The Exponomial Choice Model: A New Alternative for Assortment and Price Optimization
We investigate the use of a canonical version of a discrete choice model due to Daganzo (1979) in optimal pricing and assortment planning. In contrast to multinomial and nested logit (the prevailing choice models used for optimizing prices and assortments), this model assumes a negatively skewed distribution of consumer utilities, an assumption we motivate by conceptual arguments as well as published work. The choice probabilities in this model can be derived in closed-form as an exponomial (a linear function of exponential terms). The pricing and assortment planning insights we obtain from the Exponomial Choice (EC) model differ from the literature in two important ways. First, the EC model allows variable markups in optimal prices that increase with expected utilities. Second, when prices are exogenous, the optimal assortment may exhibit leapfrogging in prices, i.e., a product can be skipped in favor of a lower-priced one depending on the utility positions of neighboring products. These two plausible pricing and assortment patterns are ruled out by multinomial logit (and by nested logit within each nest). We provide structural results on optimal pricing for monopoly and oligopoly cases, and on the optimal assortments for both exogenous and endogenous prices. We also demonstrate how the EC model can be easily estimated---by establishing that the loglikelihood function is concave in model parameters and detailing an estimation example using real data.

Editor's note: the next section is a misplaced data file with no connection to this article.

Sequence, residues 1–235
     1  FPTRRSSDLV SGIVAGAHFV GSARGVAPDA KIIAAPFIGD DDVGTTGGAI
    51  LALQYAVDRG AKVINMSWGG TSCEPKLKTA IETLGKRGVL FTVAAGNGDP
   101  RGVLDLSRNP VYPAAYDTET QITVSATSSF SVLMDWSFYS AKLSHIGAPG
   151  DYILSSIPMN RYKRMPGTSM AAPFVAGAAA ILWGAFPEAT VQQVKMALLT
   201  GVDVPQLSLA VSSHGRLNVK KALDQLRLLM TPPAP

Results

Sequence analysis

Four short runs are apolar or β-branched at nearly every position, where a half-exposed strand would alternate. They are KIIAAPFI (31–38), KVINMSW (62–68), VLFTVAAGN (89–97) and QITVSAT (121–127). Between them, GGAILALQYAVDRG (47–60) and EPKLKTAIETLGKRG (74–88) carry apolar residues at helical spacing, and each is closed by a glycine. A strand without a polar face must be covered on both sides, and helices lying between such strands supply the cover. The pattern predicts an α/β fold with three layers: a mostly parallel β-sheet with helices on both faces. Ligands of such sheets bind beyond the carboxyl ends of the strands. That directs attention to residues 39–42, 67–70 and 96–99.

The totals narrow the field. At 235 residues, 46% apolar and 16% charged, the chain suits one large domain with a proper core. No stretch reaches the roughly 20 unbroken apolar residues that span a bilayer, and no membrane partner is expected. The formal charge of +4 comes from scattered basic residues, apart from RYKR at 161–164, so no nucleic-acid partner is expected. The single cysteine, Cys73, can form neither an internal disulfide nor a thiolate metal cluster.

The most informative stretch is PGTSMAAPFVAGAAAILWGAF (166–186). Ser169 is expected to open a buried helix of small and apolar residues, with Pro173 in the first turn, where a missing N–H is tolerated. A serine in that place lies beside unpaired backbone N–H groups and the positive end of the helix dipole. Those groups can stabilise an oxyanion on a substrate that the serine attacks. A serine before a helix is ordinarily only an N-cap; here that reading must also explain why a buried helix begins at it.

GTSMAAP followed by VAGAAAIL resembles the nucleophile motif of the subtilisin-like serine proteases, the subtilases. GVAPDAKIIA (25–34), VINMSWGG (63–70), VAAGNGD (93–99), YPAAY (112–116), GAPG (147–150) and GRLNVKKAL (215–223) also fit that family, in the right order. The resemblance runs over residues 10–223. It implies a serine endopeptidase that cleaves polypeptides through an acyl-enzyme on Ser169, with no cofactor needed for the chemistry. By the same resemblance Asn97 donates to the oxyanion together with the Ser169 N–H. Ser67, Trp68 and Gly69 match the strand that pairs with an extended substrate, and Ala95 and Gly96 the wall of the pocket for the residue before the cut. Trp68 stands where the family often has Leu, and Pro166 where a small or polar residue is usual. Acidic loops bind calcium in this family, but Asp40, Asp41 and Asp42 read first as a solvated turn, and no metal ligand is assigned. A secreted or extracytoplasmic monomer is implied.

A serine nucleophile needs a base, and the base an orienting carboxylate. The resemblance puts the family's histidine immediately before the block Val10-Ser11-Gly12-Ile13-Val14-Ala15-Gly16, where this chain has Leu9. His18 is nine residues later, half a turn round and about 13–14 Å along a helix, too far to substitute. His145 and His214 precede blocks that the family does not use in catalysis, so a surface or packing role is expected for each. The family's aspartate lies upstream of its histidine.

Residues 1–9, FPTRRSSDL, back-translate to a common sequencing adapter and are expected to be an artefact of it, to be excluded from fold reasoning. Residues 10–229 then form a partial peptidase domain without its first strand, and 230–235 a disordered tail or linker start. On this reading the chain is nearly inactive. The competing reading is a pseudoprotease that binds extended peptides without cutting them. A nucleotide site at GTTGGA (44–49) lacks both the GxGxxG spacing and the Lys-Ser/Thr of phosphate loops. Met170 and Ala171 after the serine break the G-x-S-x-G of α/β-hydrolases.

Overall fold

Discrete choice theory, willingness to pay, assortment planning, pricing, revenue management, multinomial logit, nested logit.
Business Administration, Management, and Operations
SMU Cox: IT & Operations Management (Topic)